Showing posts with label Ayurvedic Medicine. Show all posts
Showing posts with label Ayurvedic Medicine. Show all posts

Ayurvedic Treatment for Allergies



    Allergies are a doshic response to a specific allergen, such as pollen, dust, chemicals on a rug, ragweed, or any strong chemical scent, according to Ayurvedic samprapti (pathogenesis). 


    3 Types Of Allergic Responses 


    • Vata Allergies 

    • Stomach bloating, gastric pain, and even intestinal colic are symptoms of Vata-type allergies.
    • Wheezing, sneezing, headaches, ringing in the ears, and sleeplessness are all symptoms of a vata allergy. 
    • Some people, for example, develop wheezing when they are exposed to dust or pollen. The wheezing is caused by the vata dosha constricting the bronchial tree. 
    • Insomnia and other vata-related symptoms may also be present. 

    • Pitta Allergies  

    • Pitta dosha is already present beneath the skin in a pitta allergy. 
    • When a person comes into touch with an allergen, such as chemicals, ragweed, or some synthetic materials, the pitta enters through the capillaries and causes a rash, itching, hives, urticaria, allergic dermatitis, or eczema, which are all pitta-type allergic responses. 

    • Kapha Allergy 

    • During the spring season, when plants and trees release pollen into the air, kapha allergies are common. 
    • When pollens, such as juniper or any other pollen, are breathed, they irritate the delicate mucous membrane in the nasal-respiratory tube, causing hay fever, colds, congestion, cough, sinus infection, and even asthma in certain individuals. 


    To effectively treat allergies, we must first determine if they are vata, pitta, or kapha in nature. Then we'll be able to decide on a specific treatment plan. 


    • Your prakruti (constitution) forecasts your allergy proneness in the majority of instances, maybe 80% of the time. 
    • That is, there is typically a link between an individual's constitution and the kind of allergic response they have. 
    • When the vikruti, or present state of the system, reveals a pitta imbalance, a person with pitta prakruti is more likely to develop a pitta allergic response. 
    • However, a kapha individual may have a vata imbalance owing to food, environmental circumstances, emotional issues, or other variables, and so on. 



    VATA-TYPE ALLERGIES AND THEIR TREATMENT 


    BASTI  

    • A dashamoola tea basti is one of the most effective treatments for vata-type allergies (enema). 
    • To prepare a tea, steep 1 tablespoon of the herbal compound dashamoola in 1 pint of water for 5 minutes. Cool the liquid, filter it, and use it as an enema.
    • This dashamoola tea basti may help with vata symptoms including wheezing, sneezing, dryness of the throat, dryness of the colon leading to distension, constipation, and abdominal pain. 


    HERBAL REMEDIES 


    • Use the following herbal formula: ashwagandha 1 component balancing 1 vidari, 
    • To alleviate vata allergies, mix these herbs in equal proportions and take 14 teaspoon of the powder 3 times a day, washed down with warm water.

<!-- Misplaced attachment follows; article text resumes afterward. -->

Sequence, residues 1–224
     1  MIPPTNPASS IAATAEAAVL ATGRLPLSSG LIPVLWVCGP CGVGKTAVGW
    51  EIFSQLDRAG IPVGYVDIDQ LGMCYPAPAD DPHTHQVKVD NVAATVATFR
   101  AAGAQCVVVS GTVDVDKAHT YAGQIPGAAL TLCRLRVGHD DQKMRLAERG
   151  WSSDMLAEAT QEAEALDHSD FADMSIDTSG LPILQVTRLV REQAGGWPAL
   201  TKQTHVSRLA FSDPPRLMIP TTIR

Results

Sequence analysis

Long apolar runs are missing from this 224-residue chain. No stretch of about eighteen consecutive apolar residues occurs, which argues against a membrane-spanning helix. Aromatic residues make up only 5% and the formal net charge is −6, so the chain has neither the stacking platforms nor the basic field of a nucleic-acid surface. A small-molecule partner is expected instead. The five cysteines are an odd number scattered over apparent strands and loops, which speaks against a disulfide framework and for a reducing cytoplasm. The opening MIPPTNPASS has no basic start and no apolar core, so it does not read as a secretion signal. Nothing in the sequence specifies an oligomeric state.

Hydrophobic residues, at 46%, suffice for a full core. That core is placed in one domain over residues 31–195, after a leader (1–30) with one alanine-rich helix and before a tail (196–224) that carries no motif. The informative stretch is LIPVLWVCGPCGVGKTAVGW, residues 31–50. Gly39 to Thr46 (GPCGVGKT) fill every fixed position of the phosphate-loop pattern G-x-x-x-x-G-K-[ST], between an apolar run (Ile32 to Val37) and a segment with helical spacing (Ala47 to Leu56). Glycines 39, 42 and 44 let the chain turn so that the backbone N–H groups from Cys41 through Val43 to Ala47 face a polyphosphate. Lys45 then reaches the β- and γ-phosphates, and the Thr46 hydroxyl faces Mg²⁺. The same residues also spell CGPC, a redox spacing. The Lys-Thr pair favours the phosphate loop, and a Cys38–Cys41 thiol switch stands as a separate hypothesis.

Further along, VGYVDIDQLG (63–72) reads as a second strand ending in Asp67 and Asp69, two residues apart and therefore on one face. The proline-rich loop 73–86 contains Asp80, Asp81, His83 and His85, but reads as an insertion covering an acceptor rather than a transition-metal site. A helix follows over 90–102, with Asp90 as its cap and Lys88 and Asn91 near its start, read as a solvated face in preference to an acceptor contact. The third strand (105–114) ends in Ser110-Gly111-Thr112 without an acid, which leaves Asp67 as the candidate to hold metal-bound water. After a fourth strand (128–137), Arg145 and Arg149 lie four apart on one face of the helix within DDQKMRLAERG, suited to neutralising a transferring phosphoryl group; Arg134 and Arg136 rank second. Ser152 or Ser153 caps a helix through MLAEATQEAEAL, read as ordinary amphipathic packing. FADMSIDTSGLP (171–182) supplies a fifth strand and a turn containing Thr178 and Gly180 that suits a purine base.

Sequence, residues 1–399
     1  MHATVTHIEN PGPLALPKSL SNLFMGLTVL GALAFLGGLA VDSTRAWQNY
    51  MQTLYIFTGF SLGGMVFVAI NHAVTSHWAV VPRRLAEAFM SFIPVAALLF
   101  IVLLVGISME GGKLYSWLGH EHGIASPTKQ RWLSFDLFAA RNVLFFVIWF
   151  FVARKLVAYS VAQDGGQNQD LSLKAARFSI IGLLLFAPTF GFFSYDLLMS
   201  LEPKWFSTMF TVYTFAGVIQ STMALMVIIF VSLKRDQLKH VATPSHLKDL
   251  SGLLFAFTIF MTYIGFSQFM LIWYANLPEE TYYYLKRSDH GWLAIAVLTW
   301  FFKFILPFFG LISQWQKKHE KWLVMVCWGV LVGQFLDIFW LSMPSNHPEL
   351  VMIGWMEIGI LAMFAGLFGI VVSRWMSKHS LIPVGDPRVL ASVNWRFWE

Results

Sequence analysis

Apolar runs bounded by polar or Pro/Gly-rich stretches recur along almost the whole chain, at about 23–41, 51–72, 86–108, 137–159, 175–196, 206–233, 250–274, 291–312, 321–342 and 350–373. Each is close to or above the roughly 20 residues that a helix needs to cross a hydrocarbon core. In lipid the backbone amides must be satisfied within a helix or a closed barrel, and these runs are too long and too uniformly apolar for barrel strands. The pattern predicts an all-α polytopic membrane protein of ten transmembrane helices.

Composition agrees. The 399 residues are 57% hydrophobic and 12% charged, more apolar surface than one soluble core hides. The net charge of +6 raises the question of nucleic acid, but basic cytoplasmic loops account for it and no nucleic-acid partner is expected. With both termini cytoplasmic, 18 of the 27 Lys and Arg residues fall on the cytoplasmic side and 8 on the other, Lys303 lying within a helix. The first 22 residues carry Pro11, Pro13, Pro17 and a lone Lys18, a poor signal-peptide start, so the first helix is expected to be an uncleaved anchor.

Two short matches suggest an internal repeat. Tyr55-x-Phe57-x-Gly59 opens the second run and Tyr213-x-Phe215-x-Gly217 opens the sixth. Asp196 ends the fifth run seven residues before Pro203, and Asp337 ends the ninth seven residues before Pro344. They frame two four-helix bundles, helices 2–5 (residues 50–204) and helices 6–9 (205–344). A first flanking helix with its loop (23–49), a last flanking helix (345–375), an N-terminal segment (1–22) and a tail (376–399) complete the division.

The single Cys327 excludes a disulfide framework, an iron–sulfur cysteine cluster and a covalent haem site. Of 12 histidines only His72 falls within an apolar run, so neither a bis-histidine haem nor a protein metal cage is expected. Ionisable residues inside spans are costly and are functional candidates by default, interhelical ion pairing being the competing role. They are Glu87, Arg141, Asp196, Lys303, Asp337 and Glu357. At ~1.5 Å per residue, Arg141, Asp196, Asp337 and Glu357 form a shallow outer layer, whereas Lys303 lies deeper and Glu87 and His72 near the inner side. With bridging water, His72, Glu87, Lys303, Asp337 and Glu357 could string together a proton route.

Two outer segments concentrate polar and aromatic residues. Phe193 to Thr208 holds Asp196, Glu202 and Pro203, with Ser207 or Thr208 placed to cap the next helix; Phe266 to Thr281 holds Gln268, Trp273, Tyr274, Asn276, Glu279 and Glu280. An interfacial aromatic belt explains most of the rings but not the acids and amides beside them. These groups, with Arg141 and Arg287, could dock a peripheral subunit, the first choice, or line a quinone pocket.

• To calm a severe wheezing condition, prepare one cup of ginger or licorice tea by boiling 1 teaspoon of the herb in 1 cup of water for approximately 3 minutes. 
    • After that, add 5 to 10 drops of mahanarayan oil, stir well, and drink one sip every 10 to 15 minutes. (If you don't have mahanarayan oil, use 12 teaspoon normal ghee instead.) 



    PITTA-TYPE ALLERGIES AND THEIR TREATMENT 


    HERBAL REMEDIES 


    • This herbal mixture is effective for pitta pacification: 8 components of shatavari dudha kama 1 part shanka bhasma, 12 parts guduchi 14th part 12 teaspoon of this combination, mixed with a little warm water, should be taken 2 or 3 times a day after meals. 
    • Apply neem oil or tikta ghrita (bitter ghee) to the skin if you have hives, rash, urticaria, dermatitis, or eczema. 


    PURIFICATION OF THE BLOOD 


    Individuals with high pitta, who are prone to acquiring pitta-type issues such as sunburn during the summer season, should perform rakta moksha, or bloodletting, before the summer season begins, according to Ayurveda. 


    • Despite the fact that this technique is not well-regarded in the West, it is nevertheless extensively used in India since it has proved to be an effective preventative and therapeutic strategy. 
    • To put it to good use right now, consider donating 12 pints (100 cc) of blood to a blood bank. This will aid in the relief of pitta-related diseases including allergic dermatitis and allergic eczema. 

    A blood-cleansing herbal combination may be used to have a similar effect. 


    • Mix equal parts of the herbs manjistha and neem, for example. neem 1 part manjistha 1 component After meals, take 12 teaspoon of this combination with warm water three times a day. It will purify the blood and aid in the recovery of pitta-type allergies. 
    • Burdock, a popular Western plant, is an effective blood purifier; prepare a tea with 12 teaspoon burdock per cup of boiling water and drink it 2 or 3 times each day. 



    KAPHA-TYPE ALLERGIES AND THEIR TREATMENT 


    HERBAL REMEDIES


    • Respiratory pulmonary congestion, cough, cold, asthma, or hay fever are common symptoms of kapha allergies. 
    • Use the herbal formula below to get relief from these symptoms: 4 components of sitopaladi 4 sections of yashti madhu abrak bhasma 18th part Take a quarter teaspoon of this combination with honey three times a day. 


    PURGATION THERAPY.

     

    • Excess kapha builds up in the stomach and lungs, causing kapha-type allergies. 
    • Purgation treatment is one method to alleviate congestion (virechana). 
    • Take 1 teaspoon of flaxseed oil (available in most natural food shops) 2 or 3 times a day for 2 or 3 days. 
    • This is going to be really effective. You may also utilize triphala.


    VOMITING THERAPY


    • Vamana, or vomiting treatment, is an Ayurvedic therapy that is especially effective for eliminating excess kapha from the stomach and respiratory system. 
    • However, I've observed that there is a significant cultural prejudice against vomiting in the West, and many individuals seem to be especially uncomfortable with this process.